The reality in independent India turned out to be different. The growth achieved during the period from 1950 to 1980, meant that GDP doubled in 20 years while GDP per capita would have doubled in 50 years. In fact, between 1950 to 1980, GDP multiplied by 2.86 while GDP per capita multiplied by 1.5. The latter was not as modest as it seems because during this phase the rate of population growth was more than 2 percent per annum. (BCom Economic Trends in India Notes Study Material)
Obviously, this growth was impressive with reference to the near stagnation during the colonial era. It was also much better than the performance of the newly industrialized countries at comparable stages of their development. However, the growth was not enough to meet the needs of a country where the initial level of income was so low.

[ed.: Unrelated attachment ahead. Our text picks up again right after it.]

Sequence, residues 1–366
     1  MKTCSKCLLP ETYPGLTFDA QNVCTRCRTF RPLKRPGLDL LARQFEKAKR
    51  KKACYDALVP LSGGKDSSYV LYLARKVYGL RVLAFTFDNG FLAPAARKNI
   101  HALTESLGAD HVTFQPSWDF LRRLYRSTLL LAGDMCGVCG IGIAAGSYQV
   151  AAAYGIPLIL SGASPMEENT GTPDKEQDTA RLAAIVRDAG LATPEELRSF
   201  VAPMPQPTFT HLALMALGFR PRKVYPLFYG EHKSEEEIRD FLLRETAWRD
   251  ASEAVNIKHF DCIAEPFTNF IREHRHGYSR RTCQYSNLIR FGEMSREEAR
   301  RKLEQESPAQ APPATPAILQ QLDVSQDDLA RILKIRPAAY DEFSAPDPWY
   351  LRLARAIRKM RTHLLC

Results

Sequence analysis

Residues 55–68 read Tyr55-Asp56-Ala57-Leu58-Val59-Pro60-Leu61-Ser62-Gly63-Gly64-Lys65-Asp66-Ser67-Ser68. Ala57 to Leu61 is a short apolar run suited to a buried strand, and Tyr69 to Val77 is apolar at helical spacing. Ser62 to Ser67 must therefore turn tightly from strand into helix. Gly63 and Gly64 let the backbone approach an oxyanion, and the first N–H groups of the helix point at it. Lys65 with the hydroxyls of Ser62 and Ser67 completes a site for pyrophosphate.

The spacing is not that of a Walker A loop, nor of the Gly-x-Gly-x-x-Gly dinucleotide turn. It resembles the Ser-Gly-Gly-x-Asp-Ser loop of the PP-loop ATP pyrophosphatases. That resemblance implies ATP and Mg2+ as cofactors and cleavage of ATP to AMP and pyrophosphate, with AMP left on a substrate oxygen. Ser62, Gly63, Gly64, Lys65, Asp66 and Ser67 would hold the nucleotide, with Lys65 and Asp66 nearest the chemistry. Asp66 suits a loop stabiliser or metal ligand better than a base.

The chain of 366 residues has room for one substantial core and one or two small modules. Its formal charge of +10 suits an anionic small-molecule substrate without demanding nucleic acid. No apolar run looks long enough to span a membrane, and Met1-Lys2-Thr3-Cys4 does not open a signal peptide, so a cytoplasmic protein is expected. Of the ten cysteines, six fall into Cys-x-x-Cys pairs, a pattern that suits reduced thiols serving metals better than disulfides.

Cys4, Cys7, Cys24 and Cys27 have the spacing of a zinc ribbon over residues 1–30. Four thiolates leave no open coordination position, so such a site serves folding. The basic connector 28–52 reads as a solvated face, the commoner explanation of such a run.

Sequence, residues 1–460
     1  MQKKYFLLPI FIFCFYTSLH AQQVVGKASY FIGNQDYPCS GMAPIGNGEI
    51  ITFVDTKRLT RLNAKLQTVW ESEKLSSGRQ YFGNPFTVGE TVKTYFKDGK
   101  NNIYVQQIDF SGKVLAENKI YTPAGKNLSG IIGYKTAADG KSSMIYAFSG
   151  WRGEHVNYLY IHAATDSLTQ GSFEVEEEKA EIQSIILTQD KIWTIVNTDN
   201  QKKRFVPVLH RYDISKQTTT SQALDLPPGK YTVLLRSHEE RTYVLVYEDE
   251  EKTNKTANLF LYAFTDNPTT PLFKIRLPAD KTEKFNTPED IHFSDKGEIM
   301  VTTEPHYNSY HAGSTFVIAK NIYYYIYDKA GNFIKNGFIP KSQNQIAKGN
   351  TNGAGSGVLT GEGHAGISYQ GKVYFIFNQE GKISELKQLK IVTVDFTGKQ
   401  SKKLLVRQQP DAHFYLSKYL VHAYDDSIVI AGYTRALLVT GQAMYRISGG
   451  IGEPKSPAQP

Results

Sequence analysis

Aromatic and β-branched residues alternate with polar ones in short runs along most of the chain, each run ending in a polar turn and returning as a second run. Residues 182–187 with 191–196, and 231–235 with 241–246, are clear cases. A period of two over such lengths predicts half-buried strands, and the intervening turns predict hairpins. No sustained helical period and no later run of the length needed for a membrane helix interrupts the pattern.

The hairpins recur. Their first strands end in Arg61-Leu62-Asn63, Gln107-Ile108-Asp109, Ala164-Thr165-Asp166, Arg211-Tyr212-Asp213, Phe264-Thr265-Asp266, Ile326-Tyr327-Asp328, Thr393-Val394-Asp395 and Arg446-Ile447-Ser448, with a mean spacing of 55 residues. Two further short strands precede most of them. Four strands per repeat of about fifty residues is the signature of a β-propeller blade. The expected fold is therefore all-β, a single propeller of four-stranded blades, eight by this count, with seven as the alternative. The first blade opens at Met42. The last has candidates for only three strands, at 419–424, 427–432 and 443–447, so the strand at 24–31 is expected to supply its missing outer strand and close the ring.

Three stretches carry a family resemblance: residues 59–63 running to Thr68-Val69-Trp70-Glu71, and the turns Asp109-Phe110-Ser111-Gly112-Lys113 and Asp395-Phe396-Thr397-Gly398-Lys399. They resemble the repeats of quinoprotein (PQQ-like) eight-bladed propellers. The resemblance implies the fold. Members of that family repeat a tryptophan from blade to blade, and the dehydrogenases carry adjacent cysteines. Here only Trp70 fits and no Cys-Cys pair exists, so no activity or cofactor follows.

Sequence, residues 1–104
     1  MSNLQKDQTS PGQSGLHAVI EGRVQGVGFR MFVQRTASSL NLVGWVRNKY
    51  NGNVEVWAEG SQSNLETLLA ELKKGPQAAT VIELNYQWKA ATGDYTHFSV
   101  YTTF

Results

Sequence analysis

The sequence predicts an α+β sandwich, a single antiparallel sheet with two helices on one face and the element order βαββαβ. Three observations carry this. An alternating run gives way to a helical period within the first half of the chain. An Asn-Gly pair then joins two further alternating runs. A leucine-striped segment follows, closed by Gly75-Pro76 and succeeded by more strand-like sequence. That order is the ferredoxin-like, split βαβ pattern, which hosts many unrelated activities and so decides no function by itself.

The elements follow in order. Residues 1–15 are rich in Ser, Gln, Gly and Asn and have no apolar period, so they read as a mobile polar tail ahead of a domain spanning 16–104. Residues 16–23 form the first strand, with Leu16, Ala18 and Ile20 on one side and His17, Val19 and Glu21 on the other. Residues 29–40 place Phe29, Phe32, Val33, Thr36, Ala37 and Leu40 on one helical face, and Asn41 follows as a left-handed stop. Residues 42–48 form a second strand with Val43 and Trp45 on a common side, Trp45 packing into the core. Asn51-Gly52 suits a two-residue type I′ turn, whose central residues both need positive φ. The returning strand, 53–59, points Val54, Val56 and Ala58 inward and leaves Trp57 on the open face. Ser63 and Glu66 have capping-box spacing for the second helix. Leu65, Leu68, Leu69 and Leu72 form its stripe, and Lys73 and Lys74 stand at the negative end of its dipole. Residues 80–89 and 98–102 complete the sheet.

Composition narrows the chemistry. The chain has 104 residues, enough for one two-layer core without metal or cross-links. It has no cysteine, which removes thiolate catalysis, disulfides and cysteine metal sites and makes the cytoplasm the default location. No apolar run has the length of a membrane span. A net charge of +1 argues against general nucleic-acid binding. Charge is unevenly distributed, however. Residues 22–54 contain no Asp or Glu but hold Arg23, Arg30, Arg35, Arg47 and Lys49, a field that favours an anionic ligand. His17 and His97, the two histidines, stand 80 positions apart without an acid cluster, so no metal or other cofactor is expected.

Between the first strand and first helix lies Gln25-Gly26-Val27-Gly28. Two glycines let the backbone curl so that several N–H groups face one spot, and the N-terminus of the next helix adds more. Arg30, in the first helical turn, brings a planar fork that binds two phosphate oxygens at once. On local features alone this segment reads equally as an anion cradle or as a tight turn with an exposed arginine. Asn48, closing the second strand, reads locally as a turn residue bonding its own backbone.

But it has been shown that, during this period, India’s performance in terms of economic growth was about the same as in most countries in the world. It was certainly not as good as East Asia. But it was definitely not as bad as Africa. In fact, the actual rate of growth of output per worker in India was very close to the average across the world.
It is clear that there was a sharp acceleration in the rate of growth circa 1980. Some analysts, as also many casual observers, attributed this performance to economic liberalization which began in the early 1990s. However, discerning scholars recognized the reality that the structural break, which was a second turning point in the economic performance of independent India, occurred around 1980.